Manage episode 351364989 series 2838177
As listeners of the show know by now, I was raised surrounded by books. The "Classics" made up the backbone of our home library, and I was enthralled with tales of Odysseus and Achilles from an early age. My father was a professor in Greek and Roman mythology, his classes routinely being the most popular at the college. I often wondered though, are we reading these stories from a perspective congruent with how the author intended?
If there's one consistent theme underlying the atrocities of our modern age, it's that Western Civilization is the ultimate success of rational human beings. The culmination of history, we in the West stand as the ultimate victor over time and space, over history itself. Science reigns as the new god. The State, not eschewing but rather relishing in its symbiotic relationship with the new secular theology, finds itself in the similar position of all historic States - towering domination over anything that threatens its own survival. As the ambiguous blob of secular materialism slowly rolls along devouring everything in its gravitational field like a black hole, many of us have turned away from a "rational" view of the world to a mystical view of reality that was embraced by our ancient ancestors. How then, would we allow something as simple as the reading of ancient stories not to follow suit? How pernicious and haphazard would it be to go only halfway?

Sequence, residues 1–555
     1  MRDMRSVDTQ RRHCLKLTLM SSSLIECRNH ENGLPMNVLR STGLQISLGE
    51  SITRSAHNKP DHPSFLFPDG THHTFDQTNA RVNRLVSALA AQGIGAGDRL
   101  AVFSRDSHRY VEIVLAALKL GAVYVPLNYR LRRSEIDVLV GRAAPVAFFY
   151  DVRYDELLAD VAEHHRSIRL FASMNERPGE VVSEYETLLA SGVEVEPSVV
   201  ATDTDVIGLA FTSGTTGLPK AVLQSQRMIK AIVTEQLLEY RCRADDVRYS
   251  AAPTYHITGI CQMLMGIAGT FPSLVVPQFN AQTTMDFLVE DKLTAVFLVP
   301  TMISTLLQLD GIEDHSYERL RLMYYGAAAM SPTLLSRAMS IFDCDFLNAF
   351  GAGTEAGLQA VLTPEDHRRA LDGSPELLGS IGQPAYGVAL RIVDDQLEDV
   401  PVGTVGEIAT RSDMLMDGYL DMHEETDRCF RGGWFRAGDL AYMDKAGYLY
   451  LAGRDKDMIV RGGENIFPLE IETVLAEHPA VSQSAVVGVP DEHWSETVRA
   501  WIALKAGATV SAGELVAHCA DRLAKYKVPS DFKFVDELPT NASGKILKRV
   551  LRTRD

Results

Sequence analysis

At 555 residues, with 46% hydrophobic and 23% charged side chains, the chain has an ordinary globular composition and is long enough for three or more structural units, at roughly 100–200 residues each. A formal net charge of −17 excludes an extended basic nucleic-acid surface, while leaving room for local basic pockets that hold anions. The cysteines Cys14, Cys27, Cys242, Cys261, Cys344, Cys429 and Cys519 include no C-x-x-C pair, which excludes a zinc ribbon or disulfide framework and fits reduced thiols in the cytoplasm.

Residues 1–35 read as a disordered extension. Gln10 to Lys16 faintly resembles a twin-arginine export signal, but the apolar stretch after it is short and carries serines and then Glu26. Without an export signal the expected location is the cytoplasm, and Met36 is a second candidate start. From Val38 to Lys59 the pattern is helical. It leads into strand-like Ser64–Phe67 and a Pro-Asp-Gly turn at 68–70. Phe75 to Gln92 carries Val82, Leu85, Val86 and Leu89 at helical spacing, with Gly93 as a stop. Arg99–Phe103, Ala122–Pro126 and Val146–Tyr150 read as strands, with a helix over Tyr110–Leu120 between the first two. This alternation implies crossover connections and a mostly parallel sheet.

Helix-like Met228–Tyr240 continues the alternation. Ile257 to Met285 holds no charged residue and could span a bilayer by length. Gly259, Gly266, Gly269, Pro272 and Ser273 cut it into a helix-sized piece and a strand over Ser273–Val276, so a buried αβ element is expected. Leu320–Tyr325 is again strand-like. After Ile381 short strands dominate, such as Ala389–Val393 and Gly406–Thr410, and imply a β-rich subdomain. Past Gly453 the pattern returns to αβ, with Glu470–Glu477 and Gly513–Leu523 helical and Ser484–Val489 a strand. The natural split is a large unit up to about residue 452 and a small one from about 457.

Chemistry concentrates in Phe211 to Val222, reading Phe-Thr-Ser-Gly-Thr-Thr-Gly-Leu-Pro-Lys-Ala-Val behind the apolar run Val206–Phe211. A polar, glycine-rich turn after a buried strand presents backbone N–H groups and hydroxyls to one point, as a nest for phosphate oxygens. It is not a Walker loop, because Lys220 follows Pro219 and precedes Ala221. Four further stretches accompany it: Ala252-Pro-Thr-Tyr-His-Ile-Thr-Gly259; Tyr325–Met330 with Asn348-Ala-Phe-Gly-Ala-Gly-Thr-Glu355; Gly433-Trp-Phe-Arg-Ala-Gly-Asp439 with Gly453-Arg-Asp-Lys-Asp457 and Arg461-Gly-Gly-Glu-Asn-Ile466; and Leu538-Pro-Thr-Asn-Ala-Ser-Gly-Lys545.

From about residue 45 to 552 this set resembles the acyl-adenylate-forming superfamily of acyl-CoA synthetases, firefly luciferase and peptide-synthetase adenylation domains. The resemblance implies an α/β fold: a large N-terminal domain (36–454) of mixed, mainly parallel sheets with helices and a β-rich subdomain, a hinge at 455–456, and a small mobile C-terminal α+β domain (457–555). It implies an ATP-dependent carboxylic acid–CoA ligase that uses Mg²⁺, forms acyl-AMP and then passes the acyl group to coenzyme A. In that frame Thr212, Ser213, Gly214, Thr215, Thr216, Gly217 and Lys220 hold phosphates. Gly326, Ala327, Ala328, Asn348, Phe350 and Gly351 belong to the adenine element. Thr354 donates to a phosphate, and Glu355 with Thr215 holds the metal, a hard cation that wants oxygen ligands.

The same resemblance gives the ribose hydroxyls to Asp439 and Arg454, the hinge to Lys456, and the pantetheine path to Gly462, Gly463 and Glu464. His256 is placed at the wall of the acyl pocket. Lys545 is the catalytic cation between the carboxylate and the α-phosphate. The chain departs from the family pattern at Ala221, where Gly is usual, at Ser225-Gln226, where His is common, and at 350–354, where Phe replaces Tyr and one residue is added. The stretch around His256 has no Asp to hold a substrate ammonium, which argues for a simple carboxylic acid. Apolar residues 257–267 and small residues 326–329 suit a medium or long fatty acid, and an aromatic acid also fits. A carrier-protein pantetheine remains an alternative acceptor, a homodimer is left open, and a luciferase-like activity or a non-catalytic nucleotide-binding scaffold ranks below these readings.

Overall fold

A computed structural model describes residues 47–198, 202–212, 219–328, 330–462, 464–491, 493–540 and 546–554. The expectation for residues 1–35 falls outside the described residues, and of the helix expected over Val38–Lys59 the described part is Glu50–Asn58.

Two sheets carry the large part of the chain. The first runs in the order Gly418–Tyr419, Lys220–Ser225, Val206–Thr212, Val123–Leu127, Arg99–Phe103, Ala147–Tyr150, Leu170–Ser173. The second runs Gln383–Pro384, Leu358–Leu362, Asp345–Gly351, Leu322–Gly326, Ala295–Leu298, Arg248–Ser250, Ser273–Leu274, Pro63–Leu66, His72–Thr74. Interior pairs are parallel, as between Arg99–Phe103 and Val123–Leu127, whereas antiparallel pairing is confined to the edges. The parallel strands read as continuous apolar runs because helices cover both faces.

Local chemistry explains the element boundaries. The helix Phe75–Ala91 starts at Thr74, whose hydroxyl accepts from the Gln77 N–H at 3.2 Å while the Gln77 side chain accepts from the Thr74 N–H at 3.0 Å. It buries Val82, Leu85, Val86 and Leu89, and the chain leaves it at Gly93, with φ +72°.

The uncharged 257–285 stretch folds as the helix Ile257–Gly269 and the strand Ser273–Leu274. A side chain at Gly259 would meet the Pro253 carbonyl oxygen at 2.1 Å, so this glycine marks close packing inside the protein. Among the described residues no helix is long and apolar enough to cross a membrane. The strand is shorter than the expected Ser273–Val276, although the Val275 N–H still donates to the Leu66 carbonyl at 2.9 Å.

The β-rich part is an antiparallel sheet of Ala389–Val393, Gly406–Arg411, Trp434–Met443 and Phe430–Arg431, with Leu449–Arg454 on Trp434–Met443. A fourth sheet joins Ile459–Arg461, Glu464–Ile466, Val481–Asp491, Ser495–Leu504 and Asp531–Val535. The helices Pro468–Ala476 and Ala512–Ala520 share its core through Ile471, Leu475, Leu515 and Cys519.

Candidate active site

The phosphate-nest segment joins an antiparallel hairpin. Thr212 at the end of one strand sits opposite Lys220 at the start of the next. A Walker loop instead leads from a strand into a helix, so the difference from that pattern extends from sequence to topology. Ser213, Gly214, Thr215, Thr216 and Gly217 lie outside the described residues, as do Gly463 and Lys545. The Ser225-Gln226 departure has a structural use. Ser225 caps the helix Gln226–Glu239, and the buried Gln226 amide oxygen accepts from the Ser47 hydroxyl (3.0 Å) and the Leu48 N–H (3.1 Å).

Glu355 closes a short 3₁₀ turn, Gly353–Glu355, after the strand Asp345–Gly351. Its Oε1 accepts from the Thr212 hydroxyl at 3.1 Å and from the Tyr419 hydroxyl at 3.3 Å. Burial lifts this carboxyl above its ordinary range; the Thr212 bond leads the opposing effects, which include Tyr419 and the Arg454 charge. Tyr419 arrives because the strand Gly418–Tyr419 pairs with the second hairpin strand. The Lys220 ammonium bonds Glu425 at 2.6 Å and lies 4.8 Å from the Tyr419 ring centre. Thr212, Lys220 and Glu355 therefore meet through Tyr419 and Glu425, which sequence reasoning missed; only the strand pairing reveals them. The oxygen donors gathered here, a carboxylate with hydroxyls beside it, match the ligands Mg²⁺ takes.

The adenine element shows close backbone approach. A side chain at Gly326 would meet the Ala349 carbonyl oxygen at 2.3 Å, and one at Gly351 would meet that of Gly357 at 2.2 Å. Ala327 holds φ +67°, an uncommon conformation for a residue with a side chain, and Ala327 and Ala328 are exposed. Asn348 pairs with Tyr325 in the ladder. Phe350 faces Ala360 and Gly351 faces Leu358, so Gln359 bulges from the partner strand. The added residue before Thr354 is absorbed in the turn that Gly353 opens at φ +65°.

Dr. Eirene Allen holds a PhD from NYU, and is the director of the Institute for Classics Education, a US-based nonprofit dedicated to supporting educators who teach Homer and ancient Greek texts in English classrooms. Her writing and research focuses on these classics, and her publications include study guides for the epics Iliad, Odyssey, and Argonautica, as well as numerous plays by Sophocles and Euripides, and the dialogues of Plato.
Dr. Allen is also a cradle Greek Orthodox Christian. Today we chat about how the West views history through its own lens, and why we are missing so much in our own past when we make this mistake.